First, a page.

Tuesday, 19 August 2014

Scilly Cetaceans in the Sketchpad

Same format as for the last post : pages from my diary that you can either click through as images or read the notes I'm about to add. 

The first page (above) describes my 2nd night train of the year. I love night trains, even when I'm on my own, so long as I have a bit of wine and a new bit of country heading past my bedroom window.

This is the dining car on the Riviera Sleeper, recently reopened after a mudslide at Dawlish. Having my second complementary coffee of the morning.

I was down to Cornwall for a dolphin survey - something I've wanted to do for a long time. So here's some homework of the night before.

In fact I went out on the boat the day before my official survey, because they were cancelling the sailing on the day after the survey, and it was sold out after so I had no other chance to get to the Scillies. It was a good choice, as I saw a sea beast I would never otherwise have had chance to see. A big scarred Risso's dolphin that has appeared around the boat several times this year.


This is the boat.

And next day, Paul was our veteran leader and talked us through the protocol (the headphone chap at the bottom was just a headphone chap on the ferry).

This pic will not be clear (till I add some colour to my sketchpad), but we're on the main deck looking up a bit, and there's a vague figure top left who is the captain : he is standing in the position, by a railing surrounding the bridge, from which we looked for cetaceans port & starboard.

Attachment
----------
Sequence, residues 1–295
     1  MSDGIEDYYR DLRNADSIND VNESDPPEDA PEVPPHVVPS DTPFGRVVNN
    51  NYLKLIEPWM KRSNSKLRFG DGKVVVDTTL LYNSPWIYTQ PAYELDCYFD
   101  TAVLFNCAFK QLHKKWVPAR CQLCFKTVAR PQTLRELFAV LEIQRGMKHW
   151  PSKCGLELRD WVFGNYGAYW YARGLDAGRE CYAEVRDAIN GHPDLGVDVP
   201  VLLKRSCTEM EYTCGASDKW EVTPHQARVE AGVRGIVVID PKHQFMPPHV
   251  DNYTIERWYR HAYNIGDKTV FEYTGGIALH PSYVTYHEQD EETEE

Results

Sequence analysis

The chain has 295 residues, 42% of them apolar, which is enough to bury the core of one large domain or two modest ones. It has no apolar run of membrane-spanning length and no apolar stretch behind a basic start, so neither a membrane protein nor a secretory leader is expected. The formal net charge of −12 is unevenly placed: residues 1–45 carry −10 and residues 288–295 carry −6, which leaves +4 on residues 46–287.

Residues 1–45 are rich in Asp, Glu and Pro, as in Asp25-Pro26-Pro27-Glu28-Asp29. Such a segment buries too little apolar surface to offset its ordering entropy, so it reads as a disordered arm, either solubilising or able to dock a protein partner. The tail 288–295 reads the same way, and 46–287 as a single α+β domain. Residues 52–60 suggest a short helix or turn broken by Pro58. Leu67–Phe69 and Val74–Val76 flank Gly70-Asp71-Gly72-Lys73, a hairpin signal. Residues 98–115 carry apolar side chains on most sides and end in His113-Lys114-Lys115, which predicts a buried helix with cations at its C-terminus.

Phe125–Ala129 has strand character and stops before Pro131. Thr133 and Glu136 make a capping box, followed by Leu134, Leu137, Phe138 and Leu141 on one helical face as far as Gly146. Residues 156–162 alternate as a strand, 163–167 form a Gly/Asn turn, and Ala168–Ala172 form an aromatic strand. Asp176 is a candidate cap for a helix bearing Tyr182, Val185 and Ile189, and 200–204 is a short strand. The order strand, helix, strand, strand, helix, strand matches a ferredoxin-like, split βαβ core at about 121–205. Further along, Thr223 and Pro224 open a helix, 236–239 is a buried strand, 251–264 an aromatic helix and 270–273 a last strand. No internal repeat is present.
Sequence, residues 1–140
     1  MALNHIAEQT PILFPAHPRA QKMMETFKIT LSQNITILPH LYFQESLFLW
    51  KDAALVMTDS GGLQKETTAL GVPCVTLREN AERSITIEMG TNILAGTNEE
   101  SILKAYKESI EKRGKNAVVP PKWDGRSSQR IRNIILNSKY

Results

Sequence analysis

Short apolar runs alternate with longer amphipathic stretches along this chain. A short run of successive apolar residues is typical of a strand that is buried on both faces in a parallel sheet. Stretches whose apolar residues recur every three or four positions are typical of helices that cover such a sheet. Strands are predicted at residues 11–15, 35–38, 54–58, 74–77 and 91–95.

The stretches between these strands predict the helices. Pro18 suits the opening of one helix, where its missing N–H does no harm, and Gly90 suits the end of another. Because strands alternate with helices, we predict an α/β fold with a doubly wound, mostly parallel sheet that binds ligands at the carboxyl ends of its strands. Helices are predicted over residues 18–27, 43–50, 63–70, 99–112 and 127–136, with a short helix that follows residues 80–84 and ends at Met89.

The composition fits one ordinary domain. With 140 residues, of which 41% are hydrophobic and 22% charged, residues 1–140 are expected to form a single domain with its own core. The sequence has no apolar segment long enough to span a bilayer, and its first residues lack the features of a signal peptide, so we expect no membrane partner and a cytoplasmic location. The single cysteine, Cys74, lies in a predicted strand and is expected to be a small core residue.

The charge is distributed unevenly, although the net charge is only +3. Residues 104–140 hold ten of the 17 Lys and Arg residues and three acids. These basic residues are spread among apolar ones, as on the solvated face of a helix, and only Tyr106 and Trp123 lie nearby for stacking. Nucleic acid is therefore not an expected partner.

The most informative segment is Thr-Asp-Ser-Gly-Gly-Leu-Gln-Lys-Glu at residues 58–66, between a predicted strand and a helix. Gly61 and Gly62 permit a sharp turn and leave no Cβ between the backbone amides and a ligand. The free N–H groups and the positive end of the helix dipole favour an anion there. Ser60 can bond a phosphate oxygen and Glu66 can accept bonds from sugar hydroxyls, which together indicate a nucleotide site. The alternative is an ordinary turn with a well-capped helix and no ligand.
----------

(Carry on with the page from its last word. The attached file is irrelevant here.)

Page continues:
We had 4 sightings: first some harbour porpoise that only Paul spotted against the choppy water (sea state 4) ; then I was lucky enough to see some jumping common dolphins ; and on the way back we saw more harbour porpoise and then a feeding gang of gannets showed us the way to a bigger pod of common dolphins, just like the textbooks tell you. They brought a pretty good conclusion to the survey.

Due to the approaching storm (or perhaps a tide thing - I heard both reasons), we were late setting out and early setting back, plus we arrived into a different dock. My fellow new surveyor Sian was accompanied on the boat by her parents, as she was combining her trip from Southampton with a short holiday.

My own approach to spending an extra couple of days in Cornwall is a bit different, and not recommended.

The newspaper cuttings warn of the approach of Big Bertha, and the impacts once she hit. The page below describes the ridiculous thing I did nonetheless that night, seeing as all the cheap accommodation was booked out and I was feeling both lively and tightfisted, with a long foreign holiday to follow.

In short : binliners do not work against storms called Bertha.

Next day, I walked in my squelching boots just to get warm, and so I walked to Godolphin and St Michael's Mount.

Then a night relishing the facilities of a youth hostel, before heading to St Ives the day after.

Here are some surfers.

And some more surfers.

And some idle thoughts and an id sketch of a little brown bird flock, that I worked out to be linnets. Cute bouncy chirpy things, who showed a welcome to the odd goldfinch joining their flock.

Bits of the paper stuck in my pad, as I got the night train back to London (but this time with no cabin, just in the cheap seats, which worked fine but aren't half as romantic).


And the last pictures : I got obsessed trying to draw the girl in the picture who had such a neat hair shape. She certainly wasn't Daniella Westbrook. 

After that I got a plane, and now a week has passed and I haven't drawn anything else in the sketchpad so there isn't a part two planned.